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I have found that the name dates back to the Norman Conquest. The name Headlam was adopted by a Norman family called Roussell. Hugue de Roussel is believed to have come over with William the Conqueror from the seignieurie of Rosel in the Cotentin. They were a branch of the Bertrams, Barons of Briquebec. According to this source the line was William Bertram, Baron of Briquebec, Hugues de Rosel (I), Hugues de Rosel (II) & Robert de Rosel. It was Hugues de Rosel II who came over with William, and who may well of fought in the Battle of Hastings in 1066. Hugues de Rosel obtained lands from William the Conqueror in the 1100ís. They became the Roussell díHeadlamís.

The origins of the Headlam name comes from a heath or waste land in Anglo-Saxon, which was a "haedh", and the term "haedh lea" was applied to the clearing over grown with heather. This may of become "haedh leam" and from these two local terms we gain the names of Hedley, Headley and Headlam. This later name was Hedlum in an old Roll of the year 1190, in the vicinity of what is now Barnard Castle. See Map of Durham dated 1610.

It is interesting to note that Barnard Castle was built (early 12 century) by Guy de Balliol and a William Bertram (parentage unknown) married a daughter (Hawis) of this Guy de Balliol.

The family of Headlam has been settled in Teesdale from the year 1309, when Peter, son of Jordan Russell, Seneschall of Durham, released to his younger brother Simon all rights in Hedlam, Stainton, Newsome and Cleetlam. This Simon took the name of "de Hedlam" or Headlam, by which the family has since been known. I have found references of a John de Hedlum 1243, John de Hedelam 1356, and John Hedlam 1461.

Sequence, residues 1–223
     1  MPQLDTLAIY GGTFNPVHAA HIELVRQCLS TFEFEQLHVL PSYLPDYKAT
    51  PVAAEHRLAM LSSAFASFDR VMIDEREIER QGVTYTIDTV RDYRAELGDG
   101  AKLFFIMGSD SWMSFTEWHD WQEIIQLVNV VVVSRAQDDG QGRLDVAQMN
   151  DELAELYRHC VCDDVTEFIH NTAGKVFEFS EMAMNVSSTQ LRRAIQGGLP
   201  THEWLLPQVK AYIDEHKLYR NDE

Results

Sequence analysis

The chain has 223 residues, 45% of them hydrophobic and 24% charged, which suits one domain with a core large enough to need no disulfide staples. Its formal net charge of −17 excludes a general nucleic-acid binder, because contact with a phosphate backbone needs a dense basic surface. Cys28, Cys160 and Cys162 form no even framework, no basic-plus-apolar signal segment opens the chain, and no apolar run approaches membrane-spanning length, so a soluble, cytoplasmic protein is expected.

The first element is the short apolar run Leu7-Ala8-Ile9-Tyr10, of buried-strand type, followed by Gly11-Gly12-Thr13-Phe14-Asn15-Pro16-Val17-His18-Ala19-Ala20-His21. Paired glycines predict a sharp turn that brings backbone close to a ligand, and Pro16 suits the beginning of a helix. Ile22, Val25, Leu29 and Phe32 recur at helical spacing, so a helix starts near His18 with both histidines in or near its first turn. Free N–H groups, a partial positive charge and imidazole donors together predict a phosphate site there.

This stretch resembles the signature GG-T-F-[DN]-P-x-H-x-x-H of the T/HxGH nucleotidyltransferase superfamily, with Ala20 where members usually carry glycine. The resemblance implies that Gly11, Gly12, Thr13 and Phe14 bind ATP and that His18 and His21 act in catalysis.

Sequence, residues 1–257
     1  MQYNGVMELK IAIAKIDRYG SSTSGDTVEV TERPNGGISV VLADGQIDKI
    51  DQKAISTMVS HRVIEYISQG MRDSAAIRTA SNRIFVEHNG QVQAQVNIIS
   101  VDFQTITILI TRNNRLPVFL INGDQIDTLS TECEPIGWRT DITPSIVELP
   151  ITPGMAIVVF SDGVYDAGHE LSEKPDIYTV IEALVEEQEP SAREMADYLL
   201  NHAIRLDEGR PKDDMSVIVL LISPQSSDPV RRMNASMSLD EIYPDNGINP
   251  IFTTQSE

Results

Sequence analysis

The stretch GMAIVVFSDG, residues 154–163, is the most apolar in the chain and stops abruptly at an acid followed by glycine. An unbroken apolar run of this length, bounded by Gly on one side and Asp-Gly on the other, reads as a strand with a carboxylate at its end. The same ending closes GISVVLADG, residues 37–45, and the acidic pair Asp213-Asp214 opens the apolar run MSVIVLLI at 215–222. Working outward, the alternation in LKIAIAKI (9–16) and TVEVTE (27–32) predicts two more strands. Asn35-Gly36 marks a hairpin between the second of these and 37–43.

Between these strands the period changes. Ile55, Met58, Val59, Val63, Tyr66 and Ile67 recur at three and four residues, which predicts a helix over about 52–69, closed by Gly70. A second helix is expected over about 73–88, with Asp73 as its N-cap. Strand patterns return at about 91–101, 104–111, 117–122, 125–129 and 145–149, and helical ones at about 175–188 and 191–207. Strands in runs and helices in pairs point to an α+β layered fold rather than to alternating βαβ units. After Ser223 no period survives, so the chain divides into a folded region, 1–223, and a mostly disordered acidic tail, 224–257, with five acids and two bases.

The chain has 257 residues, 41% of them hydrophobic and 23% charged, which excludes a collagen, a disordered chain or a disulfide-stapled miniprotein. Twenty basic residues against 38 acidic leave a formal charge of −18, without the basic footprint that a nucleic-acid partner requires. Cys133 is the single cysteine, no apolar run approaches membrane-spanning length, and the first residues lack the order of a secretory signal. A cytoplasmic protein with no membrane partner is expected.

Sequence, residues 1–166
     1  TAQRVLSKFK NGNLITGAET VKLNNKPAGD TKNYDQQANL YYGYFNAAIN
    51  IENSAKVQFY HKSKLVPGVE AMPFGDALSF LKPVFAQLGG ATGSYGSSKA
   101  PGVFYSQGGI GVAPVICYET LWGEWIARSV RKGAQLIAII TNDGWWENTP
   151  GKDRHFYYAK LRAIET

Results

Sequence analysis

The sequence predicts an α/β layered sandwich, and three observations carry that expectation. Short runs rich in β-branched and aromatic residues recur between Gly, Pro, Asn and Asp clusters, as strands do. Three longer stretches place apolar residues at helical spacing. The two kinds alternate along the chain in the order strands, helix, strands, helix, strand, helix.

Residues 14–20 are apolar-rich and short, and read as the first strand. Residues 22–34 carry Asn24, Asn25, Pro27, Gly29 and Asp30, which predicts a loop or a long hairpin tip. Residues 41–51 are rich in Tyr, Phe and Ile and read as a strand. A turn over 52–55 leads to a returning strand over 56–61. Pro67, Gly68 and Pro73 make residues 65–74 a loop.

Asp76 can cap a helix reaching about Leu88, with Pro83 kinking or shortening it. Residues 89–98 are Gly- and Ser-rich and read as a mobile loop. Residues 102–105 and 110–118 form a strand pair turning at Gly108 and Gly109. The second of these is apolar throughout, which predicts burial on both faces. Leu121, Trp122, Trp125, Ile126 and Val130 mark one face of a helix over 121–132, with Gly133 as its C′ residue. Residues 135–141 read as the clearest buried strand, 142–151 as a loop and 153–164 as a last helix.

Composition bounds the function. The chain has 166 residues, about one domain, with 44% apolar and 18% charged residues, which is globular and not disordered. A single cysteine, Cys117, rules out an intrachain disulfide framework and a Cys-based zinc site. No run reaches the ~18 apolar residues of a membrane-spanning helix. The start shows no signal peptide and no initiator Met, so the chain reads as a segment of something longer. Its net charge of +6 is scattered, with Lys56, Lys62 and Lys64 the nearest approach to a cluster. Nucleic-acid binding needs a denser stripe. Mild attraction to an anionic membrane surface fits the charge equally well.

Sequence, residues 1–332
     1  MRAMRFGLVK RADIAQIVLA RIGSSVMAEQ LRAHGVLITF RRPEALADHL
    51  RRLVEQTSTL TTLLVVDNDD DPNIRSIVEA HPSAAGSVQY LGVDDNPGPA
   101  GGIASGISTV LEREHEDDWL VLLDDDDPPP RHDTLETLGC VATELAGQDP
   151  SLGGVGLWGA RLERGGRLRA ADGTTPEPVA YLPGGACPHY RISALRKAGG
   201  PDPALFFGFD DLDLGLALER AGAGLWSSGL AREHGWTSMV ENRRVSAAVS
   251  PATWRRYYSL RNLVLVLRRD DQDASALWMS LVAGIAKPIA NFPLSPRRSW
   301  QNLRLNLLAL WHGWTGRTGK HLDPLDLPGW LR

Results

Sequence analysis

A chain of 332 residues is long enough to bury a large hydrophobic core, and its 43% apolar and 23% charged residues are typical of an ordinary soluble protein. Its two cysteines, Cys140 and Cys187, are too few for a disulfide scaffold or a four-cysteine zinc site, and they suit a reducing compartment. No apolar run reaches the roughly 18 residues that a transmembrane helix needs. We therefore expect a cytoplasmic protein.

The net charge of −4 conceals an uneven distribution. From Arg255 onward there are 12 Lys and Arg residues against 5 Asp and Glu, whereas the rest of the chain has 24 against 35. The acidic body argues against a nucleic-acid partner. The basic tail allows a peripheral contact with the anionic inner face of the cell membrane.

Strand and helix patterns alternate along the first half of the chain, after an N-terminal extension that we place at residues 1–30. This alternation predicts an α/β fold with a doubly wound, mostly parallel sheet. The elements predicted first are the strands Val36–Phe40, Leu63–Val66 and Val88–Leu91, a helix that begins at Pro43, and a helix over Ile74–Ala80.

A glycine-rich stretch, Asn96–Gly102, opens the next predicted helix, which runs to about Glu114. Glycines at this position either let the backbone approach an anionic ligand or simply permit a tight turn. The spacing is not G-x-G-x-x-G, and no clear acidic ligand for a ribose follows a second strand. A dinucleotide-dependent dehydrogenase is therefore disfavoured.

Simonís descendants, became large landowners in Teesdale, but the direct line became extinct by the marriage in 1554 of Joane, sole daughter and heiress of William Hedlam, to Francis, eldest son of Sir George Bowes, of Streatlam. The Bowes family are ancestors of Elizabeth Bowes-Lyon, the Queen Mother. For more details, view the Headlam Database.

A branch of the family appears, however, to have settled and acquired land higher up the valley of the Tees, for the Register of Middleton-in-Teesdale has a regular series of entries relating to "Headlam de Egleston," commencing in 1579.

I have found references to Headlamís from Eggleston and within a 20 mile radius, beginning with the marriage of Nicholas Headlam and Grace Kipling on 28th March 1658. I have traced the family lines of this marriage to several present day generations of Headlamís, as well as traced the Headlamís that emigrated in 1820 on the boat "Skelton", Captained by James Dixon, and arrived in Tasmania.

Also I have found a group of Headlamís of Jamaican descent. It is more then likely that they took their name from the plantation owners, for whom they worked. I have not established who the owner was as yet.

I have come across variations of spelling the family name, of which all are genuine, Edlam, Edlame, Edlem, Edlime, Headlamb, Headlambe, Headlem, Headlan, Headlen, Headlom, Headlum, Healam, Hedlam, Hedlambe, Hedlame, Hedlan, Hedlim, Hedlom, Hedlome, Hedlund, Heedlam and Hidlam.

Also of note, Headlam is the 72,106th most popular last name surname in the United States; frequency is 0.000%; percentile is 88.834.